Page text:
Of course not. Everybody knows that there would be almost a general riot if such things happened. Where there is a will there is a way, and, if the Minister were well-intentioned, and determined, he could make this Bill operative much sooner that he is going to do.
I have been reading "Picture Post" this week—I believe it was "Picture Post," I may be wrong. However, I saw in that or another paper an account of the organisation of Littlewood's. I am not a pool fan, but Littlewood's could give the Minister a lesson or two in how to send out money quickly. That firm deals every week with millions of separate claims. Within 72 hours anyone who has any money coming receives it. I think it would be a sensible thing in these circumstances if the Minister would get in touch with the football pools and ask them about their administration and how efficiently they do their job. From them he might learn a lesson or two.
I am disappointed with that part of the Bill which deals with industrial injuries. I have never understood why it is that the ordinary man or woman working in industry, and who is crippled or maimed at work, has to pay, on top of a physical penalty, a financial penalty that is not universally applied. If a miner is injured, straight away his income drops. A civil servant who is injured does not have his income cut. He gets his salary month after month, even though an accident has befallen him.
I have never understood why there should be this discrimination in our society. The people most affected are the people who are most essential. Miners, steel-workers, transport workers. engineers—they are the foundation of our society. Others are only coping stones. Remove the miners and such workers and the whole edifice of our society will collapse. The civil servant, for one or two years after his accident, receives his full pay. So do many people employed in local government. Why miners, dockers, railwaymen, who meet with an 1729 accident in their employment are not entitled to enjoy their full wages, I do not know.
This Bill, which will improve, to some extent, the lot of some 4¼ million people, is not good enough. As my hon. Friend the Member for Lanarkshire, North intimated, the country is booming. We are told the country has never been in better fettle, with profits up, exports up, production up, wages up, dividends up—
§ Mr. Fernyhough
I hope that the Minister will try to bring the Bill into operation sooner than he has said he can. If he does not—I repeat what I said last night—there will be many stories told round about 25th December about Mr. Scrooge. Unless the Minister is prepared to think again about the timing of the operation of these benefits, he may go down in political history as Mr. Scrooge of 1954.
§ 11.45 p.m.
§ Mr. G. M. Thomson (Dundee, East)
I shall not detain the House more than a few moments, but before the Bill is passed I wish to say how it neglects one class of people in this country, namely, the widows. My hon. Friend the Member for Jarrow (Mr. Fernyhough) warned the Government that, although we welcome this inadequate Bill so far as it goes, there will be a terrible disillusionment in April. If my postbag is anything to go by, the disillusionment has begun already.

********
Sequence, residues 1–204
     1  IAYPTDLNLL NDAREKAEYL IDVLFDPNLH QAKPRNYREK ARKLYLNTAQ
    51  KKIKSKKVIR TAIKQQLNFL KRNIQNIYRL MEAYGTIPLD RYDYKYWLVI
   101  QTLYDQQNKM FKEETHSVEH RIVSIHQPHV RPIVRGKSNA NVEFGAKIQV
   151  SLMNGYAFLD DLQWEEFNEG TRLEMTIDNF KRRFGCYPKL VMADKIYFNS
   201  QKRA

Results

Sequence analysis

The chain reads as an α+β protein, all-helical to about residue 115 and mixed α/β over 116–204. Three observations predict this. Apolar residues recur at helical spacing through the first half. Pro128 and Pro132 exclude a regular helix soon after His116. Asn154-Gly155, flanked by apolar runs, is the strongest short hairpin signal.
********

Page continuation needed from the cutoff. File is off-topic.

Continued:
In the City of Dundee, which I have the honour to represent, we have more widows than in any other city in Scotland, and Dundee being a mill town, they are well able to speak for themselves. Already they are beginning to write, 1730 saying how much this Bill neglects their interests and betrays them.
We were glad to have a fairly sympathetic approach from the Minister yesterday to the question of the widows who receive only 10s., though I beg leave to doubt in the end how far the sort of ideas which the right hon. Gentleman seemed to have in his mind will meet their position. But the widows who receive 10s. do not look forward even in April—even after five months—to any increase in their present woefully inadequate 1925 pension.
In April, what will happen to them is that their condition, instead of being even a little better, will be actually worse. They will have to pay a larger contribution, and many of them are in only part-time occupations, in school kitchens, and so on. All the anomalies which apply to the widows of this country, which hon. Members in all parts of the House deplore, are being perpetuated in this Bill because the Government have delayed bringing it in for so long that, as my hon. Friends have said again and again, the House of Commons is being blackmailed into pushing through a Measure which perpetuates these anomalies. It would not be right if this Bill were to pass through the House of Commons without some attention being drawn to the glaring anomalies that are being continued in this Bill.
We on this side of the House can take some credit that we have acted as the vehicle of public opinion, and have at least prodded the Government into bringing in this Measure, however belatedly, and however much they are rushing it through. For that reason we give it a qualified welcome, but we issue a warning that these anomalies are being continued, and that the country will one day become aware of the price they are going to pay for these Conservative electoral tactics.
§ Bill accordingly read the Third time and passed.